Propositions on the Oct. 1 ballot will give voters plenty of opportunity to show what they really think about government. Friend or foe? Those who think government has become a big, unwieldy, unthinking machine likely will show that by:
•Voting “yes” to repeal Homer’s plastic bag ban.
•Voting “yes” to increase the borough’s residential property tax exemption from $20,000 to $50,000.
•Voting “no” on the school bond issue.
•Voting “no” to repeal term limits.
With the Homer City Council approving its 2014 capital improvement projects priority list and four campaigns for two city council seats getting underway, we’re reminded of a book we read a few years ago, “Thirteen Ways to Kill Your Community.” It was written by Doug Griffiths, a rural Western Canada legislator, and Kelly Clemmer, a Canadian journalist.
Thank you, Judge Murphy, for saying enough time has passed in the case of two brothers charged with sexual assault at a teen-age drinking party last September. More than a year has passed since that incident grieved and outraged a community.
As the Labor Day holiday approaches, work is on our mind. Did you know that younger baby boomers (born between 1957 and 1964) held an average of 11.3 jobs from the ages 18 to 46? That trend now seems to be the norm.
Mark you calendar now: Oct. 1 is the date for the municipal election.
If you aren’t registered to vote, you have until Sept. 1, 30 days prior to the election, to do so.
All elections are important, and this one is no exception. In addition to filling two seats on the Homer City Council (there are four candidates running), voters on the southern Kenai Peninsula also will fill a school board seat and several borough service area seats. Candidates for those seats are running unopposed.
We don’t have to wait until ‘some day’ to end violence in community
What does it take to change the culture?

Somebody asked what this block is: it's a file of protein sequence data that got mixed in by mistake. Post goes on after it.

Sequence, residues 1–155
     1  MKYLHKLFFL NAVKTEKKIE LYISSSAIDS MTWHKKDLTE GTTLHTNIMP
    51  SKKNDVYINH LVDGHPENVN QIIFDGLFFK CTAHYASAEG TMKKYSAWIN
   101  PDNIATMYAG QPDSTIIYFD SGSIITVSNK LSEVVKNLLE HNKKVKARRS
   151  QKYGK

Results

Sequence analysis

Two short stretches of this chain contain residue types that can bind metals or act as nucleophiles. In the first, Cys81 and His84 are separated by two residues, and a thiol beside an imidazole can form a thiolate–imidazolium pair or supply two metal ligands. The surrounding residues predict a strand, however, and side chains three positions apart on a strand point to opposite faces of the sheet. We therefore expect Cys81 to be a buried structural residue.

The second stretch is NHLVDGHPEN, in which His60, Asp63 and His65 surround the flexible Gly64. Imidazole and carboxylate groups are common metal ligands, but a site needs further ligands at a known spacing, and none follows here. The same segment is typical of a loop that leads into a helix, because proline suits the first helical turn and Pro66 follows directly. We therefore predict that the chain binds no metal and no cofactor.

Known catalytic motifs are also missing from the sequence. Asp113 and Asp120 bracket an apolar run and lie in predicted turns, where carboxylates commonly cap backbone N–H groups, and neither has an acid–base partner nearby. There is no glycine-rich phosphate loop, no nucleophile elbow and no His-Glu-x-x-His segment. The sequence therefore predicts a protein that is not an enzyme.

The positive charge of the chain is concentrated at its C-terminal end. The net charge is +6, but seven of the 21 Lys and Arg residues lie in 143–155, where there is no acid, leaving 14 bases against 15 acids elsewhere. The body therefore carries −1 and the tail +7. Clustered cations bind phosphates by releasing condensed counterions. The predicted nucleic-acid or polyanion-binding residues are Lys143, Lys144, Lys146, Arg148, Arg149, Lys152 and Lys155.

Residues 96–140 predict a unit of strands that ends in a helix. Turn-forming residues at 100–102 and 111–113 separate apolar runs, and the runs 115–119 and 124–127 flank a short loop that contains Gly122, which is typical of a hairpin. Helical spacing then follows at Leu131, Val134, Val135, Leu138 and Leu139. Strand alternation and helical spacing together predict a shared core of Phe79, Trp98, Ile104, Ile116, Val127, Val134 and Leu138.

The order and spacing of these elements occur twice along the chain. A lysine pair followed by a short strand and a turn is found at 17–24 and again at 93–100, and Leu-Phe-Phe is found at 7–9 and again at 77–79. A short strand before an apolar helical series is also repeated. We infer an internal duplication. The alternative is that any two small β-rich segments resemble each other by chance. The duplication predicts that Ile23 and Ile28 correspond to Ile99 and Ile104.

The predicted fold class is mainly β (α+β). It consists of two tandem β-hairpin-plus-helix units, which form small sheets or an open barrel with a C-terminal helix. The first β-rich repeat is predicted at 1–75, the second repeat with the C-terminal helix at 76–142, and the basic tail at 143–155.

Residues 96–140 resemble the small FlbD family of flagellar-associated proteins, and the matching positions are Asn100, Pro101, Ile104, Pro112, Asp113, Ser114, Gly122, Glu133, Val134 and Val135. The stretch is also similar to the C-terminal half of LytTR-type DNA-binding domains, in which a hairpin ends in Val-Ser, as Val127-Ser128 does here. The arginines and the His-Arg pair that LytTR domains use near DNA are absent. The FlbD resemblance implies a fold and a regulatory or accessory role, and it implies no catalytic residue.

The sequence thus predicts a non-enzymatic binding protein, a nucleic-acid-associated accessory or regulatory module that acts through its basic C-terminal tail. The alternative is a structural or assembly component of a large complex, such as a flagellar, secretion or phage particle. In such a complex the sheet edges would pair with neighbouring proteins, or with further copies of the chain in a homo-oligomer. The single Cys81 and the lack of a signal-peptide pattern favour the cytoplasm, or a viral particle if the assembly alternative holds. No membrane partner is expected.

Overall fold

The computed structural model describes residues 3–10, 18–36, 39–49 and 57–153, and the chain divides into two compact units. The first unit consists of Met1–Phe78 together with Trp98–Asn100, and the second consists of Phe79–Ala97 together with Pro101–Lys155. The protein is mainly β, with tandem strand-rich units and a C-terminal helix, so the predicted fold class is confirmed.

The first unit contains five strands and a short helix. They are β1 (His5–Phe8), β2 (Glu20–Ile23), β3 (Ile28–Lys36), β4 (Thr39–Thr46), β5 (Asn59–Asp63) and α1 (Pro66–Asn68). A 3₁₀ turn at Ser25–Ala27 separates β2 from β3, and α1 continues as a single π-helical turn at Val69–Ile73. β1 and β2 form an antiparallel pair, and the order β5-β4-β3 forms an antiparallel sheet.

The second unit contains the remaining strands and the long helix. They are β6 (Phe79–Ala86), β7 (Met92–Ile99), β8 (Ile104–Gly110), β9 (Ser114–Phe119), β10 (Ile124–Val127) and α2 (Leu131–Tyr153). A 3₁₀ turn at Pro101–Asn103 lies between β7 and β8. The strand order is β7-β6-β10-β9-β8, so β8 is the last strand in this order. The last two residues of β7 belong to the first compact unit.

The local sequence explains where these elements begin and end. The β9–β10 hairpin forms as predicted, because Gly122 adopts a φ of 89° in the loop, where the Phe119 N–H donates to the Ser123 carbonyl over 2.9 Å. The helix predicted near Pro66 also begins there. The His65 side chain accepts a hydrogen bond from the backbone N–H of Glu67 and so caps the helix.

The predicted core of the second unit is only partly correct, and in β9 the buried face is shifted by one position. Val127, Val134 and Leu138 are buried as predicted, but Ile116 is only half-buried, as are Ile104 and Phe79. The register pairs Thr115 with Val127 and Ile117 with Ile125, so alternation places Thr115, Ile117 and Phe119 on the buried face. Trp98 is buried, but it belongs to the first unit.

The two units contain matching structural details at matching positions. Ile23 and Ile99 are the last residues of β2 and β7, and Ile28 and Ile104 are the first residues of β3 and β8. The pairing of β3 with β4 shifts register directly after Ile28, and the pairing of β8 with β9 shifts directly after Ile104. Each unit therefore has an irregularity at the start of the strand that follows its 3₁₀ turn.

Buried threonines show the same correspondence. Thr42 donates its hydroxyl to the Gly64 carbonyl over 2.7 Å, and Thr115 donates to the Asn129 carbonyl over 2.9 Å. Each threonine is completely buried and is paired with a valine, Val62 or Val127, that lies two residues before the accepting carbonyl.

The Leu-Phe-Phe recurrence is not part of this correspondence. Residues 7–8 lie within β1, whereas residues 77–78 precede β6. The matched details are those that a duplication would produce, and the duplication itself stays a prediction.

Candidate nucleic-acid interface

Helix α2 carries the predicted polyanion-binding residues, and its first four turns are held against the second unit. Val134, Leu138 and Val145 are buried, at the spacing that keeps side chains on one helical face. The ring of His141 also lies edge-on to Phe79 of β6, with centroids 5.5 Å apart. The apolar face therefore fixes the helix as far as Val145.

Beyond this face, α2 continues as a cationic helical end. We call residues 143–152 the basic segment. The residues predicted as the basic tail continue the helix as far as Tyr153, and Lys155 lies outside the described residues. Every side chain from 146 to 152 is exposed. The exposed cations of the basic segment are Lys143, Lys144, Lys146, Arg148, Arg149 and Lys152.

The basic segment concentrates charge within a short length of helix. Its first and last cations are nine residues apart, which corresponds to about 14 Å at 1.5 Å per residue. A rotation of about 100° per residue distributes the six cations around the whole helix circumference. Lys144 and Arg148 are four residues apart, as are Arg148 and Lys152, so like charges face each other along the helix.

When you think about it, not much. In one lifetime, a person is likely to see lots of culture shifts. We change our music, our fashion, our words.
Since coming to work at the Homer News more than seven years ago, Adam Bauer has held the official titles of “webmaster” and “new media director.” Unofficially, Bauer endeared himself to his News colleagues as the paper’s jack of all trades.
Here’s a brain teaser for you. Which of the following doesn’t belong in the group:
1. A citizen group petitions for the repeal of Senate Bill 21, which changed how oil industry taxes are figured.
2. Opponents of Homer’s plastic bag ban gather enough signatures to put a repeal of the ban before voters on the October ballot.
3. The Kenai Peninsula Borough Assembly considers whether to overturn term limits imposed by a citizen initiative in 2007 and reaffirmed by voters, again through the initiative process, in 2009.
Next Thursday Homer will be the host of the Governor’s Picnic when Alaska’s 10th governor, Sean Parnell visits, so it seems appropriate this Sunday that we pause and remember Alaska’s fourth governor, Jay Hammond, who served from 1974 to 1982. The Alaska Legislature in its wisdom designated July 21 Jay Hammond Day. In signing the proclamation, Parnell said he encouraged “Alaskans to remember his service to our state and honor his memory on his birthday.”
“We hold these truths to be self-evident, that all men are created equal, that they are endowed by their Creator with certain unalienable Rights, that among these are Life, Liberty and the pursuit of Happiness.” — The Declaration of Independence
The recent debate over a Kenai Peninsula Borough ordinance designed to protect salmon habitat might give one of two impressions:
1. If you believe in the rights protected by the U.S. Constitution, you don’t favor protecting salmon.
2. If you favor protecting salmon, you don’t believe in the rights protected by the U.S. Constitution.